Scotland to charge 5p for single-use plastic bags
Scotland will from today require all retailers to charge customers a minimum of 5p for each new single-use carrier bag, in an effort to reduce plastic pollution and clean up streets.
From Monday, food and non-food shops in Scotland will charge a minimum of 5p for each carrier bag, including plastic and paper ones, as well as those made from some plant-based materials.
Although the money raised belongs to the individual businesses, the government has encouraged retailers to donate the proceeds to good causes.
The move has been widely welcomed by environmental campaigners, who hope it could help reduce the amount of plastic pollution on land and in the sea. Similar rules have already been introduced in many European states, including Wales and Northern Ireland.
Lang Banks, director of WWF Scotland said “At present Scots consume nearly 800 million carrier bags every year with millions ending up in landfill, polluting our environment and threatening wildlife. According to the UN, over a million seabirds and more than 100,000 marine mammals are killed every year by the plastic littering our oceans.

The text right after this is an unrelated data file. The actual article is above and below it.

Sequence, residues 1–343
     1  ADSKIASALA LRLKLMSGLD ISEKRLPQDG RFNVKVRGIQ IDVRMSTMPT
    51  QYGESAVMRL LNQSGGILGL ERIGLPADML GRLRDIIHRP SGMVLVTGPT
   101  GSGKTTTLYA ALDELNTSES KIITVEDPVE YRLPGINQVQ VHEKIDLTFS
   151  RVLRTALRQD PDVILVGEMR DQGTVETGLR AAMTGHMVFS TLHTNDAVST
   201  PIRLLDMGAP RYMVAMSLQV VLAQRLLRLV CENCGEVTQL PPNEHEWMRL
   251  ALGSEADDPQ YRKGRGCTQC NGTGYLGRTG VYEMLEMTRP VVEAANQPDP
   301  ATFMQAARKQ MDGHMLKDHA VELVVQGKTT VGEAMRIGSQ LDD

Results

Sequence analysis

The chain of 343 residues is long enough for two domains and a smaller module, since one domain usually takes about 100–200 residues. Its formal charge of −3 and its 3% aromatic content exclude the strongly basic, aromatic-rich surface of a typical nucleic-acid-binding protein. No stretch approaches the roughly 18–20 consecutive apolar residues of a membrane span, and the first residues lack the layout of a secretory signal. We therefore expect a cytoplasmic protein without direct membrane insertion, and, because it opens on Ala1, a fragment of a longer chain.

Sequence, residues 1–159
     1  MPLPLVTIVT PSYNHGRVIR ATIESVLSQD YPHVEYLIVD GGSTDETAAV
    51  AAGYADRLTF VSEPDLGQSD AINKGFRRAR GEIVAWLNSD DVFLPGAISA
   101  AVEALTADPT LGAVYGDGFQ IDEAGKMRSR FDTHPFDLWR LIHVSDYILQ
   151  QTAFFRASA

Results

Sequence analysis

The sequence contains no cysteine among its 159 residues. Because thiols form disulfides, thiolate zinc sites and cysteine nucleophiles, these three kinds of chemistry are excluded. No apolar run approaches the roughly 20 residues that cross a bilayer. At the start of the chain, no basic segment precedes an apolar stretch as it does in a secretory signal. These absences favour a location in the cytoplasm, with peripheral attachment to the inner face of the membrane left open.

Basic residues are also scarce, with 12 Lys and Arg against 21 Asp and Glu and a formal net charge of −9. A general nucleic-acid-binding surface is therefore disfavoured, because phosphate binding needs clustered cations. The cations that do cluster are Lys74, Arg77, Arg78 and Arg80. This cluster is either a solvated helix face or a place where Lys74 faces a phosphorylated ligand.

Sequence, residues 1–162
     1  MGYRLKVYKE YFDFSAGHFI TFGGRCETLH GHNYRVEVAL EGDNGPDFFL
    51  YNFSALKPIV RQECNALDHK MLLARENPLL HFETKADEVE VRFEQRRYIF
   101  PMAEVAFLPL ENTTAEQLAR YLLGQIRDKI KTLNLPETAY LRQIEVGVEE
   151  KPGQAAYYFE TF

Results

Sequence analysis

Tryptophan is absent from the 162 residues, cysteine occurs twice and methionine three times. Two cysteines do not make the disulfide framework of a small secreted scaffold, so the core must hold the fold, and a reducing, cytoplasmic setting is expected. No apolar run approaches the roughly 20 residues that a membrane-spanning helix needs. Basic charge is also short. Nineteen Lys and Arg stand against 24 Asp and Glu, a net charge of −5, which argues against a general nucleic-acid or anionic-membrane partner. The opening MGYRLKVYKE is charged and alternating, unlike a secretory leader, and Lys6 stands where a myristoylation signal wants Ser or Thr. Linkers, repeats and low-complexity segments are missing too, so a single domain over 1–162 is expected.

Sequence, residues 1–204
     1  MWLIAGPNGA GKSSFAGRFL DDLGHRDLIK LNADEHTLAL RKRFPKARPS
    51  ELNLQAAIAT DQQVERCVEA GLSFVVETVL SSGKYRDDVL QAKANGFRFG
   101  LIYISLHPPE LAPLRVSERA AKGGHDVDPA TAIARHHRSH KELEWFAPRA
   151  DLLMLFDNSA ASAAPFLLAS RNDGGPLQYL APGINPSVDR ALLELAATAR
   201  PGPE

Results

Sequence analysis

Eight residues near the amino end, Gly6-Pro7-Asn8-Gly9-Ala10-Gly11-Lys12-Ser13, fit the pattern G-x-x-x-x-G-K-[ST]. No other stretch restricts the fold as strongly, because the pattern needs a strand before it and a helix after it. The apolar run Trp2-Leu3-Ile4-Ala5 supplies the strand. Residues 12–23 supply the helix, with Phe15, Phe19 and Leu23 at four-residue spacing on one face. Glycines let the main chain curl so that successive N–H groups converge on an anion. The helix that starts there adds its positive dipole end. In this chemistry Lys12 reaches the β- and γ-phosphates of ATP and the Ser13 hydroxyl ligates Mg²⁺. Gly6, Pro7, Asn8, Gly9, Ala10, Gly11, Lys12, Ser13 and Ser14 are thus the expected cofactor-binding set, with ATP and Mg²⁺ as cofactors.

“Single use carrier bags are symbolic of our wasteful attitude to resource use which must be addressed if Scotland’s vision of a zero waste future is to be realised.”
Friends of the Earth Scotland director Richard Dixon added that plastic bags are one symbol of a ‘throwaway society’ that needs changing.
“Experience from Northern Ireland and Wales suggests that charging for plastic bags will cut down on their use by 70-80%”, he said.
“It is vital that our attitudes towards using and throwing away valuable resources improve if we are to reduce our impact on the environment and wildlife”.
The UK government proposed a similar measure last year, but the plan was labelled a ‘mess’ by a government committee and green groups because it would exclude small retailers, paper and biodegradable bags. Meanwhile, figures released in July suggested plastic bag use in England had increased by more than 3% since 2012.
Photo: Dave Bleasdale via Flickr
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